Ed’s note: This article is from our archive. Some of the information featured may have changed with the latest updates to WordPress.
WordPress is a popular Content Management System (CMS) for good reason. It’s easy to use and navigate, and can be used to create any type of website from basic portfolios to advanced learning platforms and e-commerce sites. Each time WordPress gets an update, new and interesting tools are added to it, making it more secure, robust and easier to work with.
A large contributing factor to WordPress’s popularity is that it is free to use, with basic themes and features available to create a simple, fully-functional website, ideal for bloggers, hobbyists and first-timers. You can access more advanced WordPress features and Starter Sites with Managed WordPress Hosting, where some of the technical aspects of your website, such as updates and security, are handled by your hosting partner, making it a convenient and affordable option for small business owners.
In this guest post, we asked experienced WordPress developer, Jonathan Bossenger, to share a few WordPress tips and tricks that make the platform even easier to use. Here are his five top tips to make WordPress – and your life – easier.
PHP Error Protection
Because of the open-source nature of WordPress, and its plugins and themes, experienced WordPress users warn against allowing automatic updates – and approach updates with caution. This is because a bug in either the core of WordPress or an updated plugin or theme, could cause a fatal PHP error, and the often feared but much misunderstood White Screen of Death (WSOD).
It’s advisable to manually PHP yourself to test for bugs and incompatibilities.
Keeping your WordPress site up-to-date and secure can be a challenging task, especially if you’re not a developer. So having a built-in tool that not only analyses your WordPress install but suggests what you can do to improve it, has been a much-welcomed addition.
The WordPress Site Health feature lets you know if there are any specific issues related to security or performance and provides guidance on how to fix them. It also allows you to access important information about your WordPress install, and the server infrastructure it’s hosted on, helping you make more informed choices if you ever run into any hosting issues.
A little-known fact about PHP, the programming language WordPress is written in, is that most web hosting companies suppress all PHP notices, which include errors and warnings. While this might seem like a bad thing, it actually results in a better website experience for your visitors. Sometimes the notice might be as simple as a deprecation notice (meaning a piece of PHP functionality is going to be removed in a future version of PHP). Your visitors don’t need to see these notices.
However, being able to quickly turn these notices on is a tried and tested way of seeing what might be causing problems – from slow site speed to the WSOD. By simply setting three PHP constants in your wp-config.php file, you can view any and all PHP notices, either in the browser or in a separate debug.log file.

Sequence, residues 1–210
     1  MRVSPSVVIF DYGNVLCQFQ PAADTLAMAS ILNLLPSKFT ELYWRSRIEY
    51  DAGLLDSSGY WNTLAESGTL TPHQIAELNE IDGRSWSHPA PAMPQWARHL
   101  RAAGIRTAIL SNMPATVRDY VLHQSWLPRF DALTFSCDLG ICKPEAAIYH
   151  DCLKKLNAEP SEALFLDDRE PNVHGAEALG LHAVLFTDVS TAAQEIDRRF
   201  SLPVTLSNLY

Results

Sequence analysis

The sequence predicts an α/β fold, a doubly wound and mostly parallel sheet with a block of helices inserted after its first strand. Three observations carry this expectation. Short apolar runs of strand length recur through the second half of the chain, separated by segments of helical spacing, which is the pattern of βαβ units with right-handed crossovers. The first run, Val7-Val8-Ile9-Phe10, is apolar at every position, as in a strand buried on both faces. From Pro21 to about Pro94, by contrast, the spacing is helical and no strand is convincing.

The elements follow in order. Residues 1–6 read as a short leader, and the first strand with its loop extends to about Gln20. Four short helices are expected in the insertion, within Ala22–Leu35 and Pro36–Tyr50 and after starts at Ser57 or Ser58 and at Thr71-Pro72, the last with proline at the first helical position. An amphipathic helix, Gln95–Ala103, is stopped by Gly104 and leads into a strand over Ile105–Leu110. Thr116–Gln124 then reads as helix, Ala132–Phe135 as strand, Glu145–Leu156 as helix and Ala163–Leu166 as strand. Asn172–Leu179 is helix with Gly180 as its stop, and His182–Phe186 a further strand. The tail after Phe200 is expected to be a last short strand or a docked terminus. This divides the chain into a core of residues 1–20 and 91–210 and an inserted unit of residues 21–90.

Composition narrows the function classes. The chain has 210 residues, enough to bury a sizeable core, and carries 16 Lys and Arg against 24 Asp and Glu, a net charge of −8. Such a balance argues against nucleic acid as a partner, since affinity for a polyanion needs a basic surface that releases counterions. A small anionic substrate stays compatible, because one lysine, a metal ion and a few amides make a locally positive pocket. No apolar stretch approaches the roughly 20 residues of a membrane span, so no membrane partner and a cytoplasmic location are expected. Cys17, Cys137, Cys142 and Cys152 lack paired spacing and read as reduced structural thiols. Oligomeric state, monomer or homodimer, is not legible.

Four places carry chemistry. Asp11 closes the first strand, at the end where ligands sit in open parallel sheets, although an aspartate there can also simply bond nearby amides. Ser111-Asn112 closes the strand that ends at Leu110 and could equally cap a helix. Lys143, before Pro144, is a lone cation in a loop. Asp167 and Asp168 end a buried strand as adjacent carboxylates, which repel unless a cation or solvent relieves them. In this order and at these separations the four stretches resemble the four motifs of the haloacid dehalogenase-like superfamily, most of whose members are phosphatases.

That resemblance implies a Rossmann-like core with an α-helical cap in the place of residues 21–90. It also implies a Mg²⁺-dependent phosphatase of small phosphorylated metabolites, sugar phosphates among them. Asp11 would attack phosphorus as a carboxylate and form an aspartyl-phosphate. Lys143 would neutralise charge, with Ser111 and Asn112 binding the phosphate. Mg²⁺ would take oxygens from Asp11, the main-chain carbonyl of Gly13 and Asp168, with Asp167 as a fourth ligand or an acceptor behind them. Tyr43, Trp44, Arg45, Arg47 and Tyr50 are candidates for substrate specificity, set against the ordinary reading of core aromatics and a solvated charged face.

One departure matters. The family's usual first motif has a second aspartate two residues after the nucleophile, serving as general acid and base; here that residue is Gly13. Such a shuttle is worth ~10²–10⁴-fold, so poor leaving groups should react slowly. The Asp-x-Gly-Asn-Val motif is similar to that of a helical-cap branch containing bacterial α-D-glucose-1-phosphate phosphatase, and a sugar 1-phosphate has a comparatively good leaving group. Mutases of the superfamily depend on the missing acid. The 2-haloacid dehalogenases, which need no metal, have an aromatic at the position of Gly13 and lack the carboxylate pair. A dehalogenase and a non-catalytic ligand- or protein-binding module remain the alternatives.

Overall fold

Minimum requirements update
This one is not so much a WordPress trick, but recently the folks building WordPress agreed to update the minimum requirements to the latest stable versions of PHP and MySQL. Working with users and Managed WordPress Hosting companies to get these updates means that WordPress sites are more stable, secure and – above all – faster.
You can use the Site Health feature mentioned earlier to check which versions of PHP and MySQL you are using, and the WordPress requirements page even includes a handy email you can send to your hosting company.
Everyone knows that websites are constantly under attack from bots and other malicious characters. From DDOS attacks to user database breaches, keeping your information safe and secure online is becoming more and more important.
By adjusting a few configuration settings in your WordPress site, you can enable both automatic core and automatic plugin and theme updates.
These settings are disabled by default and require some technical knowledge to register either the right configuration or filter settings, but if you care about the security of your WordPress site and its data, it’s a good idea to enable the core updates, at least.
These tips are all stability and security-focused, and very recently added or updated in WordPress. As a developer, the majority of issues on WordPress sites are related to outdated versions of the WordPress software, installed plugins or themes. Once you solve those problems, it makes working on WordPress even simpler – and more secure.
About Jonathan Bossenger
Jonathan Bossenger is a programmer, blogger and podcaster from Cape Town, South Africa with a passion for open-source software and WordPress. Currently, he works full-time at Automattic as a WordPress contributor.
Want to read more on this topic? Discover how easy it is to create an e-commerce store with Managed WordPress Hosting here.